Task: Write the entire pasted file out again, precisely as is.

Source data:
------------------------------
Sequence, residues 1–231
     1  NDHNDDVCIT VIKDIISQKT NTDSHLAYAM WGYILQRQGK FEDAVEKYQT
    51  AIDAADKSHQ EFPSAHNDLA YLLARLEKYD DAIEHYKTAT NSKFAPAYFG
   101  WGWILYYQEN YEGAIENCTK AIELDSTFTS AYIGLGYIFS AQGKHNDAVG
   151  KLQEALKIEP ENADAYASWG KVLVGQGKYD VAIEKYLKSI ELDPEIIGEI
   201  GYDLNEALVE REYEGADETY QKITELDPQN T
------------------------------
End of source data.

Sequence, residues 1–231
     1  NDHNDDVCIT VIKDIISQKT NTDSHLAYAM WGYILQRQGK FEDAVEKYQT
    51  AIDAADKSHQ EFPSAHNDLA YLLARLEKYD DAIEHYKTAT NSKFAPAYFG
   101  WGWILYYQEN YEGAIENCTK AIELDSTFTS AYIGLGYIFS AQGKHNDAVG
   151  KLQEALKIEP ENADAYASWG KVLVGQGKYD VAIEKYLKSI ELDPEIIGEI
   201  GYDLNEALVE REYEGADETY QKITELDPQN T